His name was selected from a glass bowl by a blindfolded boy at a ceremony in Cairo's St Mark's Cathedral. Three candidates had been shortlisted.
The 60-year-old succeeds Pope Shenouda III, who died in March aged 88.
He succeeds as attacks on Copts are on the increase, and many say they fear the country's new Islamist leaders.
The other two candidates were Bishop Raphael and Father Raphael Ava Mina. They were chosen in a ballot by a council of some 2,400 Church and community officials in October.
Their names were written on pieces of paper and put in crystal balls sealed with wax on the church altar.
A blindfolded boy - one of 12 shortlisted children - then drew out the name of Bishop Tawadros, who until now was an aide to the acting leader, Bishop Pachomius.
Bishop Pachomius then took the ballot from the boy's hand and showed it to all those gathered in the cathedral.
Strict measures were in place to make sure there was no foul play during the televised ceremony: the three pieces of paper with candidates' names were all the same size and tied the same way.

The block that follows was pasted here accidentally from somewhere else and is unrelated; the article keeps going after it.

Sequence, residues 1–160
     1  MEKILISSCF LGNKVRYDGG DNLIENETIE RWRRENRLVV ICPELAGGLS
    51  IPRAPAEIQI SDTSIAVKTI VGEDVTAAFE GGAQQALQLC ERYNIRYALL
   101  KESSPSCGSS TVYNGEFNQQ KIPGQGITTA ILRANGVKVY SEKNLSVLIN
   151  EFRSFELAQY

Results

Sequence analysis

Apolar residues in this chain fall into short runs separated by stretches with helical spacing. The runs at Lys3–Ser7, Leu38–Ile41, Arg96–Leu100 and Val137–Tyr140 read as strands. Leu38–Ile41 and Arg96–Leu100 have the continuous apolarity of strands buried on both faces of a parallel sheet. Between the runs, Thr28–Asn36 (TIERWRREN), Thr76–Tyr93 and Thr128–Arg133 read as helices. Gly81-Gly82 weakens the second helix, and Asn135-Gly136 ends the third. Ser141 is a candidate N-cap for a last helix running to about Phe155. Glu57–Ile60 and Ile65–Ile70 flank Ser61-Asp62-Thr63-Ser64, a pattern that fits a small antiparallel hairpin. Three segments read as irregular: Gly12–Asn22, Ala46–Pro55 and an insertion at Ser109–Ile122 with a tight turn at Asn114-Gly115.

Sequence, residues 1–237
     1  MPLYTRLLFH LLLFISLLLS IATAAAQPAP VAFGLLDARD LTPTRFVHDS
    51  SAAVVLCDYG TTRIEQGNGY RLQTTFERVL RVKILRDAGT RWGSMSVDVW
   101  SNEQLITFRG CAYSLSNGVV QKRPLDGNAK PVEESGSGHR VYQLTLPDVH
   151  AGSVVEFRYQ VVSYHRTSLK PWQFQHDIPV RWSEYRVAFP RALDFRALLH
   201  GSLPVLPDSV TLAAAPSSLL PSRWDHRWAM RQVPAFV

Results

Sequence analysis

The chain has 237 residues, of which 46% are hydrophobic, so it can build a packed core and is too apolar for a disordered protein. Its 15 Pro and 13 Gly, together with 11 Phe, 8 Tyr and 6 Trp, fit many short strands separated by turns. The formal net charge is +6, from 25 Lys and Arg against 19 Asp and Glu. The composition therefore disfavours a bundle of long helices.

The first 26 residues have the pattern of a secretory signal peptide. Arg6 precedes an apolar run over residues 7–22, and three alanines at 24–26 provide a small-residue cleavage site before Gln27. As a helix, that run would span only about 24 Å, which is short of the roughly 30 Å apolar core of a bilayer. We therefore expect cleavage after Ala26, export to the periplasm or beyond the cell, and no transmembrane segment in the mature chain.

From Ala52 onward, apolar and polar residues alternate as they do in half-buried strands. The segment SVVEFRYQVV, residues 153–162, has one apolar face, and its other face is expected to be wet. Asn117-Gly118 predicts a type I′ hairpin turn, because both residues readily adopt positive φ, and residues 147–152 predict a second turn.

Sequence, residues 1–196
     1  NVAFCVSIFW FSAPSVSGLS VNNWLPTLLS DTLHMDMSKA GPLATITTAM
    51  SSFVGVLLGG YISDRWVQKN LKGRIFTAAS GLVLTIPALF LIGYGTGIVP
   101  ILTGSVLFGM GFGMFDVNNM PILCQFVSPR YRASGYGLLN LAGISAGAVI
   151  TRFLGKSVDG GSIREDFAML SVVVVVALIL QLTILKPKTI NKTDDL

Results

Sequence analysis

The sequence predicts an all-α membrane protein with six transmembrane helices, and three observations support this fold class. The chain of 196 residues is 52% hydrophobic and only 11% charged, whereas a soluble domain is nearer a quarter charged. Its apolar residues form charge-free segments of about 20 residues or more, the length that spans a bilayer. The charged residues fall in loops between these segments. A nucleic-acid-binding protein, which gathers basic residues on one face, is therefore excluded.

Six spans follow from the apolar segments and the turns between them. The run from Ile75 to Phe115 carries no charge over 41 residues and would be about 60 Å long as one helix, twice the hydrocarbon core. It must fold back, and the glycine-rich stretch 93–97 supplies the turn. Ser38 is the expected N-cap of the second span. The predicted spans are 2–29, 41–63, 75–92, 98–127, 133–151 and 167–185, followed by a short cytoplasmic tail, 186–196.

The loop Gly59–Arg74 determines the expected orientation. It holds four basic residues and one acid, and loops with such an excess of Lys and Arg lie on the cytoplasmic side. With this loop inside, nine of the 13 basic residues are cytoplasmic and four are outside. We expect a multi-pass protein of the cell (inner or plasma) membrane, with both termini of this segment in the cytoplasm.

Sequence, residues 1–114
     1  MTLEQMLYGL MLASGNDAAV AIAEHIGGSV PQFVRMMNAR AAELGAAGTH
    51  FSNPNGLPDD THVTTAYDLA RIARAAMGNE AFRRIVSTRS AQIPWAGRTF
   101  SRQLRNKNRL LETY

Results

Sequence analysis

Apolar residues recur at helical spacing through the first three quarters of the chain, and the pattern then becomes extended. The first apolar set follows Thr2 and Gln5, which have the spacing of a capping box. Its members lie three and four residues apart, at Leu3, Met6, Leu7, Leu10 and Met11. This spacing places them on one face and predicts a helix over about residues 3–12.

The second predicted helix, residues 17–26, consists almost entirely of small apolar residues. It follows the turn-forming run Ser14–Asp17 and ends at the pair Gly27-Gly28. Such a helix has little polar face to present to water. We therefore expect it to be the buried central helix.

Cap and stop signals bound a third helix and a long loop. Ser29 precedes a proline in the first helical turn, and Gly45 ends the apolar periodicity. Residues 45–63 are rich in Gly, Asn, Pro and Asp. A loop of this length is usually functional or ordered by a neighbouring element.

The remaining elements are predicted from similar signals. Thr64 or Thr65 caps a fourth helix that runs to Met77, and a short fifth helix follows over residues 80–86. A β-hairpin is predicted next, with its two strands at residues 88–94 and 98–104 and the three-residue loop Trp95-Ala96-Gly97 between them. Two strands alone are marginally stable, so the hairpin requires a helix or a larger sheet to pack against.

Copts say this process ensures the selection is in God's hands.
Bishop Tawadros will be enthroned in a ceremony on 18 November.
The new pope has studied in Britain, and has also run a medicine factory, the BBC's Jon Leyne in Cairo reports.
He is a man of broad experience and with managerial skills, our correspondent says, adding that he will need all those talents to lead the Copts as they face an uncertain future in a country now debating the role of Islam following last year's revolution.
Our correspondent says no-one in Egypt expects the new pope to introduce radical changes to the deeply conservative church.
Pope Shenouda died in March. Under his leadership, the Coptic Church expanded significantly, including outside its traditional Egyptian base.
He was a passionate advocate of unity among the Christian churches, and also clashed with then President Anwar Sadat, particularly over their conflicting views on the future of Egypt's relationship with Israel.
Coptic Christians have long complained of discrimination by the Egyptian state and the country's Muslim majority.
But when President Hosni Mubarak was ousted last year and succeeded by the Muslim Brotherhood, their fears grew.
In October 2011, 25 people died in clashes with the security forces after a protest march in Cairo over the burning of a church.